The fish bones and fish hard parts always have various amounts of organics still associated with them, and the presence of organics in the fish bones and fish hard parts makes them different from all other apatite formulations. The presence of organics on the fish bones and fish hard parts confers advantages in many situations where organics are desirable, e.g., situations involving revegetation, or situations requiring reduced compounds. The amount of organics can be chosen ahead of time by the amount of processing or steam cleaning of the fish bones and fish hard parts, and can be tailored to various situations. Most commonly, fish bones and fish hard parts are available from fish processing plants from which much of the protein and organics have been removed. The fish bones and fish hard parts are leftover products used as fertilizers or as fillers in various foodstuffs such as cat food. Often fish bones and fish hard parts are disposed of as a waste product, especially from offshore fishing vessels that simply dump the debris overboard.
The main advantages of fish bones and fish hard parts over other sources of phosphate are that fish bones and fish hard parts are fully carbonated, contain little fluorine and almost no metals, and are highly porous with a high surface area for reactions. All of these make fish bones and fish hard parts ideal for use in treating and immobilizing metals in soils, water and waste forms. The fish bones and fish hard parts can be mixed in with soils or wastes; or emplaced as a liner or barrier surrounding a waste form, disposal site, or contaminated site; or emplaced as a permeable reactive barrier in a trench or excavation (FIG. 1). All that is needed is intimate contact between the fish bones and fish hard parts and the contaminated solution coming out of the waste form, soil particles or contaminated site. We have investigated all of these modes of usage of fish bones and fish hard parts with respect to zinc, cadmium, lead, and copper and they have all been successful in reducing the metal concentrations in solution. Fish bones and fish hard parts are a commodity that is available in large amounts, are relatively inexpensive, and can be easily transported by truck or rail to the final destination. Fish bones and fish hard parts contain no hazardous components. All metals are effected to some degree, but the metals most effectively stabilized by fish bones and hard parts are lead, zinc, copper, cadmium, nickel, uranium, barium, cesium, strontium, plutonium, thorium, and most other lanthanides and actinides. Fish bones and fish hard parts are also an extremely good pH buffer, especially for acidic waters that usually occur in acidic mine drainage. The presence of fish bones and fish hard parts in the system will buffer the pH of most water within the system back to the normal pH range of 6 to 8. Further objects and advantages of this method will become apparent from a consideration of the ensuing description.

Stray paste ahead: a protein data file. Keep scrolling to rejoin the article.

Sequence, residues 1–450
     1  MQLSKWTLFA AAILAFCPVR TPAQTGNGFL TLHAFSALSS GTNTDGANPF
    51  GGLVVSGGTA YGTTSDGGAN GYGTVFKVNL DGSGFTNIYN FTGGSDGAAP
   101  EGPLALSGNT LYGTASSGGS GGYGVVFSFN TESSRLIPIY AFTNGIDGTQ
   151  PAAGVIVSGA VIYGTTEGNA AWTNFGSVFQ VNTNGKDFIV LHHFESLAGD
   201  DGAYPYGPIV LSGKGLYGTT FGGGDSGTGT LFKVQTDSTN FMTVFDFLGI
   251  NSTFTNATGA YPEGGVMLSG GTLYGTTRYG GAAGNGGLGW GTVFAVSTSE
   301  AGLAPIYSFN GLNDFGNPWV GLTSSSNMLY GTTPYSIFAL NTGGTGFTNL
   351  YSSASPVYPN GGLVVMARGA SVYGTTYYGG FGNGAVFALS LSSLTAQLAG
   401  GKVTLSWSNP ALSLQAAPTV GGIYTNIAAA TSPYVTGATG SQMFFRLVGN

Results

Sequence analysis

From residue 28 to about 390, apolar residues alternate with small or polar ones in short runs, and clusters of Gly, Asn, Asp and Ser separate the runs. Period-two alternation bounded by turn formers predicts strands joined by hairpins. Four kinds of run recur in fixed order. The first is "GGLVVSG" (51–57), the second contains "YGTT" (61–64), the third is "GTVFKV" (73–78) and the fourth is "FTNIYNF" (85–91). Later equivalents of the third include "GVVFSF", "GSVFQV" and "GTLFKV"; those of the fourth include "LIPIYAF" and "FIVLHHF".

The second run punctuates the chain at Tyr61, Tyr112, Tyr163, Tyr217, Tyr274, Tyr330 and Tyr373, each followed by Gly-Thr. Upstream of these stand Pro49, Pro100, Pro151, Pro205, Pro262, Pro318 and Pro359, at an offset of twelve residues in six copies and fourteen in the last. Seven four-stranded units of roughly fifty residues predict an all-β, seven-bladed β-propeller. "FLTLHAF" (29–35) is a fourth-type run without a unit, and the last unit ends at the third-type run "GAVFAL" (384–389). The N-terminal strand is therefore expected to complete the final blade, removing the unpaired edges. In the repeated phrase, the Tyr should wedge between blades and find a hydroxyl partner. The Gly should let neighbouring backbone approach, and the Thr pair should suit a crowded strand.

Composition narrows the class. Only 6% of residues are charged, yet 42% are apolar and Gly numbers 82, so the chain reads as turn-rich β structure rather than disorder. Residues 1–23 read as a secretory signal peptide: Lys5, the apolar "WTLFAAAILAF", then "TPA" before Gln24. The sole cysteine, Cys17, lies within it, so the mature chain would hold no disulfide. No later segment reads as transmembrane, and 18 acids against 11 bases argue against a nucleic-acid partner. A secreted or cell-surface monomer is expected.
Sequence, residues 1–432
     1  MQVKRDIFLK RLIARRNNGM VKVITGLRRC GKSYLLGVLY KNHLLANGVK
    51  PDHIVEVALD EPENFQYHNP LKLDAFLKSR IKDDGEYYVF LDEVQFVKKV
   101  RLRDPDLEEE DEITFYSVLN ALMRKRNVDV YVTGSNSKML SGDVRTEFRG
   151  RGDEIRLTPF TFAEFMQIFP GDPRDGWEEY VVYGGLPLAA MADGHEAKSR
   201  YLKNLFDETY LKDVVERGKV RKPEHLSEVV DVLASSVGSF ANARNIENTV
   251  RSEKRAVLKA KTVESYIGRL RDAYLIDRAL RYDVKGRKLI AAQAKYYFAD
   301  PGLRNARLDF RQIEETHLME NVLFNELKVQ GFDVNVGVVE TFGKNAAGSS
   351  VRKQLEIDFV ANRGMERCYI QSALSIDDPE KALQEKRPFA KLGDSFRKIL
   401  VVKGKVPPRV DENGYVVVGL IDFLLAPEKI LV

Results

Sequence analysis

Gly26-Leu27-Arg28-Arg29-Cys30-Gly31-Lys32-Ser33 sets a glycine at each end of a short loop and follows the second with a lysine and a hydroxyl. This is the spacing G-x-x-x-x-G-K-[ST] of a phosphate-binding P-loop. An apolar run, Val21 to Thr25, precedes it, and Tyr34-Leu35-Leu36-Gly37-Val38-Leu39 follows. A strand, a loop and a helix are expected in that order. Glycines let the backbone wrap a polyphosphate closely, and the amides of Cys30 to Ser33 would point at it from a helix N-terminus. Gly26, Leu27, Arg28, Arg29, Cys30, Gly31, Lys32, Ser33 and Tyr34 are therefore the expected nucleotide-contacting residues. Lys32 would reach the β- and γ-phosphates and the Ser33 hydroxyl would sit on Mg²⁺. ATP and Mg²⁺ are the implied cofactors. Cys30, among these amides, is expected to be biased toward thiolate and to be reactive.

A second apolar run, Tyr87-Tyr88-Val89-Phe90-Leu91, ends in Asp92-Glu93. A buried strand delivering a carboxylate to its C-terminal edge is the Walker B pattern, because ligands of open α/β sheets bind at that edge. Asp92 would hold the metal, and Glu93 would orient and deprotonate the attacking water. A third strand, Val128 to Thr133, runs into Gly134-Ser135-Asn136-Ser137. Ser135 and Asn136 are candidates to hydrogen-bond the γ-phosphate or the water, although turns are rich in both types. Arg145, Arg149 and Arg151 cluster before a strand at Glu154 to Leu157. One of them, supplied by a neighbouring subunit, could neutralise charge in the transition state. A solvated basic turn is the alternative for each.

The present invention uses fish bones and fish hard parts to remediate, clean-up, stabilize, immobilize, or otherwise treat metal-contaminated water, soil or waste of any sort. The fish bones and fish hard parts can be mixed in with soils and wastes; or emplaced as a slurry or colloidal suspension; or emplaced as a permeable reactive barrier in a trench or excavation; or emplaced as a liner or barrier surrounding a waste form, disposal site, or contaminated site; or placed into a tank or any container so that contaminated water can flow-through it. Although this method does not depend upon the mode of emplacement, specific emplacement strategies tailored to each situation will optimize the performance and advantages of this method, e.g., mixing or augering into soil to treat metal-contaminated soil, but backfilled into a trench to treat metal-contaminated groundwater that flows through it. All that is needed is intimate contact between the fish bones and fish hard parts and the contaminated waste form, soil particles, water or other component of the system containing the metal contamination. Whatever the system, either soil, groundwater, surface water, waste, shot, particulates, bricks, waste streams, or the digestive tracts of animals, the presence of fish bones and fish hard parts in the system reduces the amount of metal that can mobilize and migrate out of the system, and removes metals from waters passing through the system or originating within the system, and reduces the bioavailability of metals to organisms coming into contact with the system or water leaving the system. The pH of acidic waters is also greatly buffered back to the normal pH range of 6 to 8 by the presence of fish bones and fish hard parts.